The nickname, tattoos, studded wristband and knowing look suggest that there is a darker side to this androgynous-looking young man. The placement of the arms and the contrapposto of the body and head are features common in Mannerist art, an area of art history that Mapplethorpe had a particular interest in.
This term usually refers to a standing human figure carrying its weight on one leg so that the opposite hip rises to produce a relaxed curve in the body, although it can be used more generally to describe any twisted figure. It is associated with Renaissance sculptors who looked back to Ancient Greek and Roman models for inspiration.
A style of art that spread from Italy to much of Europe in the 16th century, between the High Renaissance and Baroque periods. There is disagreement among historians as to its nature but it often seen as decadent, rejecting the classical ideals of the Renaissance and characterized by elongated figures.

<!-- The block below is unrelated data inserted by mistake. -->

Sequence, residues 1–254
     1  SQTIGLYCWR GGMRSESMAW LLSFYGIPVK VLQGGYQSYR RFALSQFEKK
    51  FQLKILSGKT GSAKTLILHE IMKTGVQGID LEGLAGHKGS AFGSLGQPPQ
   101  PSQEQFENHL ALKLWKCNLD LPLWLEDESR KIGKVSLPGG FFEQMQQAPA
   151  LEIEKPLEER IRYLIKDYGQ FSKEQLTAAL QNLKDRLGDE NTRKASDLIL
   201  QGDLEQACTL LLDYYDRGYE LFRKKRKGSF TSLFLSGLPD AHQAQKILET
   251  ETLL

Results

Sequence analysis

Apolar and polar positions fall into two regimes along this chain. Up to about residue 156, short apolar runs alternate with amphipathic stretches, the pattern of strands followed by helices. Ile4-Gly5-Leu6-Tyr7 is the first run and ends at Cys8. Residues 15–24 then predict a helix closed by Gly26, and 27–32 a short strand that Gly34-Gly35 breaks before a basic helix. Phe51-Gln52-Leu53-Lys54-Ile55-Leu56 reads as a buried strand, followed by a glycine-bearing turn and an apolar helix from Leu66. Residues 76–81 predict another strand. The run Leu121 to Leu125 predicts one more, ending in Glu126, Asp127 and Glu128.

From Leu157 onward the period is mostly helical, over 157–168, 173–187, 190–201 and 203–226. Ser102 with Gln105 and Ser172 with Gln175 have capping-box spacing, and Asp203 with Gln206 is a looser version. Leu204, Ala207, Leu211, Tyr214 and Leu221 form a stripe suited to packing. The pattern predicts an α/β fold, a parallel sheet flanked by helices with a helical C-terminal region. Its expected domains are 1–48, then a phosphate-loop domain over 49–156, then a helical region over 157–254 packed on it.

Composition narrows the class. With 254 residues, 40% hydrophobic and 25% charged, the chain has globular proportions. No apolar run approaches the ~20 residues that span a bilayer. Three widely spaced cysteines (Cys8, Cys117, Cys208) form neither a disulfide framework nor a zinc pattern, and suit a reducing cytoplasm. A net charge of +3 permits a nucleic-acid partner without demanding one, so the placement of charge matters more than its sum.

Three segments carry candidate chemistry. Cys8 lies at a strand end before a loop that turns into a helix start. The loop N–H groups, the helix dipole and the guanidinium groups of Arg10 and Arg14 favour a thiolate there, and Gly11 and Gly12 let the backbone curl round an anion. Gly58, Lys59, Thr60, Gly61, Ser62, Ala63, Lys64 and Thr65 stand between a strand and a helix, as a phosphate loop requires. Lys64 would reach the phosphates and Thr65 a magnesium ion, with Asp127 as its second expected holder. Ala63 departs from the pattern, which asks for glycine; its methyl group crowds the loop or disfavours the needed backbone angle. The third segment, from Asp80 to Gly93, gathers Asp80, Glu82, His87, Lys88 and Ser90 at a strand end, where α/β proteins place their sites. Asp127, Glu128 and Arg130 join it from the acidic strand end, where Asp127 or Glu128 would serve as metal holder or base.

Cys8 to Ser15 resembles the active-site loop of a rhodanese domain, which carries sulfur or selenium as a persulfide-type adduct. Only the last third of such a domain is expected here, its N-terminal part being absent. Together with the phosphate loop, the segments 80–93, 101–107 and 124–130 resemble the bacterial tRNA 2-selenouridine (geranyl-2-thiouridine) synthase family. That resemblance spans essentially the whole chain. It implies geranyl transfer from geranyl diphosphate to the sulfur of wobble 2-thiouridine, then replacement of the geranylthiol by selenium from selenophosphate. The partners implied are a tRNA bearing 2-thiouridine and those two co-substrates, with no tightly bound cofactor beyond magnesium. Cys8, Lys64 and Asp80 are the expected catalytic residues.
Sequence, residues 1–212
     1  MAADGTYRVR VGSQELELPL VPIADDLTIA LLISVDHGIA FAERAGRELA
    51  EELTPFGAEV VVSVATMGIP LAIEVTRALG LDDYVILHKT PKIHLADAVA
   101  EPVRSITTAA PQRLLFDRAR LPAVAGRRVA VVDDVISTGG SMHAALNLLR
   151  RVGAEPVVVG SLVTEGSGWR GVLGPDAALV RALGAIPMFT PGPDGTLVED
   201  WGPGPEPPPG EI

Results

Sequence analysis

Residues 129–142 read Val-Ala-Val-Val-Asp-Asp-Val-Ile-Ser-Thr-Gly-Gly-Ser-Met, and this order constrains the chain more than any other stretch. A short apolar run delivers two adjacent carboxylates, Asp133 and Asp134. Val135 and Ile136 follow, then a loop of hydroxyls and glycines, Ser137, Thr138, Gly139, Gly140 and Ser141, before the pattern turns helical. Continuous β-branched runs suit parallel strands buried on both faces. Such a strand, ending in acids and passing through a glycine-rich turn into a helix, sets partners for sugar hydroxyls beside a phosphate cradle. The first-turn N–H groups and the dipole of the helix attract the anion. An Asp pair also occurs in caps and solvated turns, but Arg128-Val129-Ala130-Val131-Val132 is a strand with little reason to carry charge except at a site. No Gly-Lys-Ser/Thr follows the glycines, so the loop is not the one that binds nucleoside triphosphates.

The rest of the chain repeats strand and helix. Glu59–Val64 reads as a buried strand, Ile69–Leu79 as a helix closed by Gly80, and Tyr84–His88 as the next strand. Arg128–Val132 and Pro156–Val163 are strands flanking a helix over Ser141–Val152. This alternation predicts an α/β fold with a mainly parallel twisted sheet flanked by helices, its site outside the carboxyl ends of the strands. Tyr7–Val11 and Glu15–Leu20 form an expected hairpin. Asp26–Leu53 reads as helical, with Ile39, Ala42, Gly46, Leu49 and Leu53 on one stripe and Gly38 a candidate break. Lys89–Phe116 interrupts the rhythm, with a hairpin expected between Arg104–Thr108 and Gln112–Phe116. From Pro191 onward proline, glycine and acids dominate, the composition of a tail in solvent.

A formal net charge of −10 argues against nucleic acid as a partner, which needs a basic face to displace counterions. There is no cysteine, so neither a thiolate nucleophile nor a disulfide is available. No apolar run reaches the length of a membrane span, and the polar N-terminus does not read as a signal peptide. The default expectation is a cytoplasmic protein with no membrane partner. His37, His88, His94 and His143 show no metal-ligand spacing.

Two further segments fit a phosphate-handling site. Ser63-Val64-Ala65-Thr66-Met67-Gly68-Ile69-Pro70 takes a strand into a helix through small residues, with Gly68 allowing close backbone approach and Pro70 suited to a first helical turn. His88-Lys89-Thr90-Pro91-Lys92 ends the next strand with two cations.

MediumPhotograph on paper
Size50.80 x 40.60 cm
CreditARTIST ROOMS National Galleries of Scotland and Tate. Acquired jointly through The d'Offay Donation with assistance from the National Heritage Memorial Fund and the Art Fund 2008
Robert Mapplethorpe (American, 1946 - 1989)
The American photographer Robert Mapplethorpe became famous, not to say, notorious, in the 1970s and 1980s for his photographs of the male nude and sexually explicit, gay imagery. Although often considered controversial, Mapplethorpe tested the right to individual freedom of expression. These images were not meant to be titillating or obscene but beautiful in a traditionally classical way. His work, therefore, holds a significant place in the history of artistic struggle to depict the world as it is, with honesty and truth. His nudes, when considered alongside his portraits of children and flower photographs, show him to be overwhelmingly interested in the beauty and transience of life. Mapplethorpe, even when facing death from AIDS, affirmed the beauty of the here and now.